looking at the building as it is today, but seeing it with a
good deal of nostalgia, as I remember it during the late
thirties and the forties, along with two sister stores, one
in the middle of High Street and the other in the New
time all three stores were busy and vibrant destinations for
all of the townsfolk to replenish their pantries. I recall
that the high store (Whitehall) and the middle store (High
Street) were the ones preferred by our mother and to which I
was dispatched with a message basket, a written note of the
goods required and the co-operative book. A book was
assigned to each family, into which was entered the total
amount of each purchase and then at a specified time
dividends would be assigned to the owner of the book. Each
book had a specific number attached to it and I can still
remember our number to this day. I also remember all of our
family's identification numbers which were assigned to each
person during the war years.
shopping experience in those times was vastly different from
that of today. There were no pre-packaged goods, everything
was taken from bulk in the store, cheese, butter, etc.,
etc., weighed, wrapped in wax paper or put in paper bags,
right in front of you and deposited into the message basket,
none of those ubiquitous plastic bags in those days.
remember the outstanding feature of the stores as being the
aromas of the all the various foodstuffs combining to make
one quite hungry, depending on the time of day one happened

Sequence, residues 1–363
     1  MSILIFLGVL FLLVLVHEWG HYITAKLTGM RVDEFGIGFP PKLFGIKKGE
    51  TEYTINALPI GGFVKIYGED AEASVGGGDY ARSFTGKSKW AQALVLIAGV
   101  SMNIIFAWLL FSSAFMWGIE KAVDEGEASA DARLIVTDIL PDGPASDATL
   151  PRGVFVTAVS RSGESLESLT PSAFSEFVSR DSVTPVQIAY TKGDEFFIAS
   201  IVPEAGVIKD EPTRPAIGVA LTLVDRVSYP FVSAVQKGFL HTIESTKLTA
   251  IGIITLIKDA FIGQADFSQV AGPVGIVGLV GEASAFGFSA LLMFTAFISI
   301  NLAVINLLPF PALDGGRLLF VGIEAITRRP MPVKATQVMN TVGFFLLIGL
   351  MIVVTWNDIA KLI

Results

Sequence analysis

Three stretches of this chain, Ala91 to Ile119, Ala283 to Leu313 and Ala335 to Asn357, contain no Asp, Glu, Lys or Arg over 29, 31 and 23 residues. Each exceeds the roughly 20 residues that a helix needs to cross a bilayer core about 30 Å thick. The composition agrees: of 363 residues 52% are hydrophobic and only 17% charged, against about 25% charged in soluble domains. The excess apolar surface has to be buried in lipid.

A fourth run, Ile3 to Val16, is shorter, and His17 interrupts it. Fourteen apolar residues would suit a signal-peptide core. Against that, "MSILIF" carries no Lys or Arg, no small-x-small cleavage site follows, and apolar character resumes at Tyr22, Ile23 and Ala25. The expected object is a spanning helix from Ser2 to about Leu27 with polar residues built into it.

to be shopping. Blackley's the licensed grocer was another
store I liked to go into where the aromas were a little
had wooden floors, as did most stores in town at that time,
and if your were shopping near closing time, out would come
the buckets of sawdust to be strewn across the floor,
dampened with water and then swept away to leave a clean
floor, how times have changed.
There was a
double door which separated the grocery store from the
drapery part of the Co-op, which gave access to the bakery
where it was possible to purchase warm baps (rolls) to take
home on a cold morning. On a cold morning you would have
liked to linger longer than you were able to, just to enjoy
the warmth which was permeated with the mouthwatering aroma
of bread in the process of baking.
also owned a small fleet of electric delivery vans which
were stored in the back area and as I recall, Alexander
Burns, former Provost of the town was one of the drivers.
days Maybole was a bustling, mostly self sufficient town,
full of energy and energetic people, a great place to grow
up, a great place full of memories.